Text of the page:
Verticillium wilt is a fungal infection that causes the leaves of olive trees to dry and drop, leading to its early demise.
The fungus infection is soil-borne. It enters via the roots and spreads throughout the entire plant or tree.
How To Fix?
Verticillium wilt has no cure, unfortunately. The best thing to do is to plant resistant species and varieties.
3.2 Root Rot
Root rot is a fungal disease caused when plants’ roots are exposed to excess water. Poor drainage and overwatering are the two leading causes of the disease.
Your plant will lose foliage because it’s no longer receiving nutrients and water from the roots. The ultimate result is stunted growth and death after 1-2 years.
Check root rot in your plant by uprooting it and scrapping one inch of bark. A black or brown tissue underneath indicates the root is dead.
How To Fix?
Control rot by examining the roots for infection. Prune any infected parts straightaway. Also, rinse the root system with hydrogen peroxide solution to eliminate the bacteria responsible.
As a precaution, do not return the plant to the same spot to avoid reinfection— transfer it to a different area or change the potting soil altogether.
3.3 Olive Knot
Another infection you want to check on is the bacterial infection known as Olive Knot. The disease spreads through water affecting major parts of the plant, including branches, twigs, limbs, roots, leaves, and trunks.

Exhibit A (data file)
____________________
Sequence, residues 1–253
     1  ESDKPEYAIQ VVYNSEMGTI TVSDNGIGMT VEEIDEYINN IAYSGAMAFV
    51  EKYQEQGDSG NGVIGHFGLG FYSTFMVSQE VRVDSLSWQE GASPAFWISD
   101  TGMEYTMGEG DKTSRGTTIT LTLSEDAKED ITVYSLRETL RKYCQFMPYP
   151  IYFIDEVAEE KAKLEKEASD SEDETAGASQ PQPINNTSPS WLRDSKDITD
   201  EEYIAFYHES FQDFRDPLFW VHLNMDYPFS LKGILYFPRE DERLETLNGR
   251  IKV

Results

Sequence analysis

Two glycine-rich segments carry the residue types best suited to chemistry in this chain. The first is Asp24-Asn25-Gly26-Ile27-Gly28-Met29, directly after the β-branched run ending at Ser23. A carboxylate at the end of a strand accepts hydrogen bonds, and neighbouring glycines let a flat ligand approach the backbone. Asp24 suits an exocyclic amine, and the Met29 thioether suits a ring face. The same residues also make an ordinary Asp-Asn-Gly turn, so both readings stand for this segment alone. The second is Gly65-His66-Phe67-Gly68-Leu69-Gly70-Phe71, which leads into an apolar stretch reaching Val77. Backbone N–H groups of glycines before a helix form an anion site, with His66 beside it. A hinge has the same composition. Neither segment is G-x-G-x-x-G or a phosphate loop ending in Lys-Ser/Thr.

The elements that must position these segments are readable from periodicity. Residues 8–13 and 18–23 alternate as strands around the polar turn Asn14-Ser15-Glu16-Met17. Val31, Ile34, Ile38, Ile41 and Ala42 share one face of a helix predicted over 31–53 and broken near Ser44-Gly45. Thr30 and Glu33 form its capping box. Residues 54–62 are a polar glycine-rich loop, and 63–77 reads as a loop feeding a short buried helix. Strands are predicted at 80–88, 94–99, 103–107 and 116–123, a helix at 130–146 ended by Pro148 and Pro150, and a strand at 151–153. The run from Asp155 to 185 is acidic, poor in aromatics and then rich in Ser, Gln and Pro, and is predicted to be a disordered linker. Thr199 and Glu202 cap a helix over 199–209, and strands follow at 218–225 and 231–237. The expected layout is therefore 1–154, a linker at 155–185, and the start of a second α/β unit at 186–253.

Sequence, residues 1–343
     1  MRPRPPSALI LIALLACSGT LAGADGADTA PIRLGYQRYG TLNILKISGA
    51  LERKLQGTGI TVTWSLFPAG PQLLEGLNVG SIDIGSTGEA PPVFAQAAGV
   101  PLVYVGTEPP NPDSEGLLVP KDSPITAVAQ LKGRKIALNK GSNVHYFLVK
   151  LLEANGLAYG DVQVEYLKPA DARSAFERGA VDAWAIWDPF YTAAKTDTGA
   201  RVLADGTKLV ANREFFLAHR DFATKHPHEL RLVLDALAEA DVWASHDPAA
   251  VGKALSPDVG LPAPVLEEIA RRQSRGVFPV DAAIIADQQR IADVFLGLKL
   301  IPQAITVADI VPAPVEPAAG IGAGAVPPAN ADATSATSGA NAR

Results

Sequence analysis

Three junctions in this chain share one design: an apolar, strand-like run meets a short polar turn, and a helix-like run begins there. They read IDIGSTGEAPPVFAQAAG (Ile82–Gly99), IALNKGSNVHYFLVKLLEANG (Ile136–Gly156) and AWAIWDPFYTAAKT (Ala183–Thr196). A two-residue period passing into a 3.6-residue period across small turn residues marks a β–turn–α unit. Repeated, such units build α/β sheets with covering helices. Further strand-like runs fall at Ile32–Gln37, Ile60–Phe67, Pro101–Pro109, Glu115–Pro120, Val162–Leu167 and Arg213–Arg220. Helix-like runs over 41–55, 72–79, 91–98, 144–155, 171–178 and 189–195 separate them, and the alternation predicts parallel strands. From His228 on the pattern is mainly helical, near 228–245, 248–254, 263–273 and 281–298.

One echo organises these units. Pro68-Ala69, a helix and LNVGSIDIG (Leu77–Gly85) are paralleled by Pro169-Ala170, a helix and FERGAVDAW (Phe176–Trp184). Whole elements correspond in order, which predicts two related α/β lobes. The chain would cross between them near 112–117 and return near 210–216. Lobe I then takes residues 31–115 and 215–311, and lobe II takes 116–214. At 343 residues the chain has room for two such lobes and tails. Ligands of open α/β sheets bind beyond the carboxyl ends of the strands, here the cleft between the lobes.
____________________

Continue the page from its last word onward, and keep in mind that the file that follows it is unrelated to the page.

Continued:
It is characterized by galls of up to 2 inches in diameter on the affected plant parts.
The bacteria usually enter via cuts and wounds on the plant’s exterior.
The galls restrict the movement of food and water from roots to the leaves leading to starvation and death of the plant. Your olive trees could be losing leaves as a potential side effect.
How To Fix?
Treat your olive trees with copper-based bactericides to control the infection and prevent it from recurring. The best time for applying is before the onset of rains in fall.
4. Improper/Insufficient Nutrients
How you apply nutrients can have a big implication for the growth of your olive trees. Nutrients applied at the right time and in the right quantities will make your trees flourish.
However, either of the extremes could result in severe leaf loss. Insufficient nutrients lead to stunted growth.
Similarly, an overdose of the nutrients leads to roots getting burnt. This further results in the cutting of water and food supply to the rest of the plant.
How To Fix?
Common signs of a nutritionally deficient tree include yellow leaves, poor fruit production, and stunted shoot growth.